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As waters warm and the lobster population booms off Canada, tensions rise between Indigenous and commercial fishermen

By David Abe 01/21/22
Under the close watch of federal officers on surrounding patrol vessels, Robert Sack navigated his old boat toward his clandestine traps in the cold waters that his people have fished for centuries, expecting to be…
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High court keeps limits on lobster fishing to protect whales

By Patrick Whittle 12/03/21
The U.S. Supreme Court ruled Friday against Maine lobster fishermen who sought to block new fishing restrictions that are designed to protect rare whales...
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2022 is the International Year of Artisanal Fisheries and Aquaculture

The Lexicon and GSSI are launching a global call to action. Through a storytelling lab comprised of training modules and mentorship, we’re here to celebrate the International Year of Artisanal Fisheries and Aquaculture 2022 (IYAFA…

Stories from the Sea: Fishermen Confront Climate Change

Fishermen in the North Pacific intimately understand the ocean, and they've noticed that once-reliable stalwarts like seasonal patterns and fish migration routes are changing alongside a warming climate. The Nature Conservancy in Alaska gathered their…

What Is The Environmental Impact Of The Fishing Industry?

Oceans of the world may be fishless by 2048, and unmonitored and irresponsible fishing practices are being held as one of the major culprits behind this potential disaster.

The Dangers of Industrial Ocean Fish Farming

The seafood business is booming. It comprises over 16% of the protein we eat worldwide, the majority of which is farmed. In the last 30 years, global fish farm production increased from 5 million to…

The Smart Seafood Buying Guide

Five ways to ensure the fish you eat is healthy for you and for the environment.

James Beard Foundation Smart Catch

Smart Catch is an educational sustainable seafood program created by chefs for chefs with the purpose of increasing the sustainability of the seafood supply chain. With more than 90 percent of the world's fisheries either…

World Forum of Fish Harvesters and Fish Workers

World Forum of Fish Harvesters & Fish Workers (WFF) is an international organization that brings together small scale fisher organization for the establishment and upholding of fundamental human rights,social justice and culture of artisanal /small…

National Oceanic and Atmospheric Administration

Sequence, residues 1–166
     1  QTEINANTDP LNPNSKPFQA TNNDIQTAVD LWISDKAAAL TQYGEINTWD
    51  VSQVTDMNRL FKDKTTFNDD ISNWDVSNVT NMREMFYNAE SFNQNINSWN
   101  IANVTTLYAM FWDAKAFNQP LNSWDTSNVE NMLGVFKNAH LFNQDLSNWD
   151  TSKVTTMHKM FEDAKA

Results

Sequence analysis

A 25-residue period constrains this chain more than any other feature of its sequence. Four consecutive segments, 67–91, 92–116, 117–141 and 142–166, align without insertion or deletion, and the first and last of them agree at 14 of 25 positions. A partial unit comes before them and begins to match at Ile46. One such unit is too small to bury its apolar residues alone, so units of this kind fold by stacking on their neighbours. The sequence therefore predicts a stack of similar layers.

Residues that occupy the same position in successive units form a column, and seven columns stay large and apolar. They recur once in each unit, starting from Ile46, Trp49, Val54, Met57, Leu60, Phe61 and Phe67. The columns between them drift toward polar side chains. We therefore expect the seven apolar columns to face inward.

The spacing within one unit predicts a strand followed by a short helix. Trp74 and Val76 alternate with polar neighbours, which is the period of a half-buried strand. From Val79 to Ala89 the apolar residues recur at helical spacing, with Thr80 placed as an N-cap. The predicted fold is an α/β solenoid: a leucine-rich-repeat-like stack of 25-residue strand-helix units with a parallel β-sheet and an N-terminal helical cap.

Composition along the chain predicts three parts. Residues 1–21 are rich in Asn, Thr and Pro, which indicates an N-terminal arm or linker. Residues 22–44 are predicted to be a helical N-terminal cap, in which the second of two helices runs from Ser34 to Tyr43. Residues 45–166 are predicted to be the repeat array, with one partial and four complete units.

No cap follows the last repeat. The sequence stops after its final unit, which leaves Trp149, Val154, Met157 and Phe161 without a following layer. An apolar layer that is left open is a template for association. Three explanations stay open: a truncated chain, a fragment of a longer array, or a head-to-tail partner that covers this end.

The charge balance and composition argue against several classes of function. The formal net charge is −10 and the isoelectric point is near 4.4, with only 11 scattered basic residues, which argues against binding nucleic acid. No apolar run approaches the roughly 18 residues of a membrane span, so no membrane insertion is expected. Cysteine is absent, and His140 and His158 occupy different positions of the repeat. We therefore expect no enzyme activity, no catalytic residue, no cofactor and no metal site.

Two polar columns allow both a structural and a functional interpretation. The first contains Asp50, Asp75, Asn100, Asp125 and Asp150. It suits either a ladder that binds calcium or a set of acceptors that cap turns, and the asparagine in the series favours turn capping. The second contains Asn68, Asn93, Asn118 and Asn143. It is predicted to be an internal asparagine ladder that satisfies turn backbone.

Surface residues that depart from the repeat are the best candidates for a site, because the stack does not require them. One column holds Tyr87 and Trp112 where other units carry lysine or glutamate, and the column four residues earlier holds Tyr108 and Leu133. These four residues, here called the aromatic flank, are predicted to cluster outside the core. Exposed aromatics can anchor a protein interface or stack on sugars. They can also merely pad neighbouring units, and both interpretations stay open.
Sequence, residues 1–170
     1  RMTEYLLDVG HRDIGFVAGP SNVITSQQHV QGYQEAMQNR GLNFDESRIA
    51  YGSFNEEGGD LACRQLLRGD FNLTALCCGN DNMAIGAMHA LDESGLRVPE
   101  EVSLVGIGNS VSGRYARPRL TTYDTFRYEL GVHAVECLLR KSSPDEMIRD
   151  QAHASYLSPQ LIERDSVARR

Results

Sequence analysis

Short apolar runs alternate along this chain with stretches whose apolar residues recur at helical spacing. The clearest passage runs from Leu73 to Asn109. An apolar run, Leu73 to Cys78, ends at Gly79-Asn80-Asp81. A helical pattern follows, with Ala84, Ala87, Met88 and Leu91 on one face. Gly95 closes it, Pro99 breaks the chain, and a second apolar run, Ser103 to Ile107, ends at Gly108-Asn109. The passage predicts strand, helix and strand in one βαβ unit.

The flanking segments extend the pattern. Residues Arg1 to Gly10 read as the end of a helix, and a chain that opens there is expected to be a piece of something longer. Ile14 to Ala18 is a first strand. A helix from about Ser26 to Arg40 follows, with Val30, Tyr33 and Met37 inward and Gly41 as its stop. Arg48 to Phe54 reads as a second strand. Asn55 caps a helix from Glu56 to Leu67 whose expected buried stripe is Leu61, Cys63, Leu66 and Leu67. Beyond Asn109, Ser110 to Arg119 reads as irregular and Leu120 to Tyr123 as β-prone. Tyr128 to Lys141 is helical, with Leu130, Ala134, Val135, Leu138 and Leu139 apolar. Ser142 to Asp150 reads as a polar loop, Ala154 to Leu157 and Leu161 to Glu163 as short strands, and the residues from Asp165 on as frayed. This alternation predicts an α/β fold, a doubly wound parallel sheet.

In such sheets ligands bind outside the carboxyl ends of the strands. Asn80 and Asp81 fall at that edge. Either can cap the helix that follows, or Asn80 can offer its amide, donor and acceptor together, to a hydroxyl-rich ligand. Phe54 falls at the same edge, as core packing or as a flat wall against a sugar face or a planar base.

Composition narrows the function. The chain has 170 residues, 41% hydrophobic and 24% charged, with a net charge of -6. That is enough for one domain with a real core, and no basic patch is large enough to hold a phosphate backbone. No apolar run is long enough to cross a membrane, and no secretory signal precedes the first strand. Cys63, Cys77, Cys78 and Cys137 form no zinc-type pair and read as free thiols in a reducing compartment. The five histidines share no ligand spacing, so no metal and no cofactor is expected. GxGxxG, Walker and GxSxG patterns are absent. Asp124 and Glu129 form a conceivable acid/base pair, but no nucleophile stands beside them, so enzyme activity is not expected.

NOAA provides timely and reliable information based on sound science to communities and businesses every day. From daily weather forecasts, severe storm warnings, and climate monitoring to fisheries management, coastal restoration and supporting marine commerce,…

Monterey Bay Aquarium

The ocean sustains all life on Earth. From the air we breathe to the seafood we eat, our very survival depends on healthy seas. The Aquarium's Conservation & Science programs are tackling some of the…

Marine Fish Conservation Network

For the last two decades, the Marine Fish Conservation Network has united fishermen, conservationists, scientists and citizens around a shared mission: conserving and revitalizing wild ocean fisheries.

Aquaculture Stewardship Council

The Aquaculture Stewardship Council (ASC) is an international nonprofit organization recognizing and promoting responsible fish farming practices through their certification program. In collaboration with scientists, conservation groups, aquaculture producers, seafood processors, and retail companies, ASC…

National Marine Sanctuary Foundation

The Foundation is a leading voice for U.S. protected waters, working with communities to conserve and expand those special places for a healthy ocean, coasts, and Great Lakes. Working together, we safeguard species and the…


After 15 years of experimentation, we have developed a new method of ocean farming designed to restore ocean ecosystems, mitigate climate change, and create blue-green jobs for fishermen — while providing healthy, local food for…


From Sea To Sweetgreen | Presented by Sweetgreen

Meet Atlantic Sea Farms, the first commercial kelp farm in the United States, as they partner with sweetgreen to bring this underwater superfood to your table.
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Ongoing Funding Would Keep Virginia on Track to Restore Native Oysters

Investments in reefs will pay dividends for communities, ecosystems.
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How Oysters Grow Their Way to Your Plate

By Holly Binns & Joseph Gordon   02/13/20  
From their natural or man-made homes, these bivalves benefit people and the environment.
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West Coast fisheries took steps to protect whales, turtles in 2019

By Deborah Sullivan Brennan   01/03/20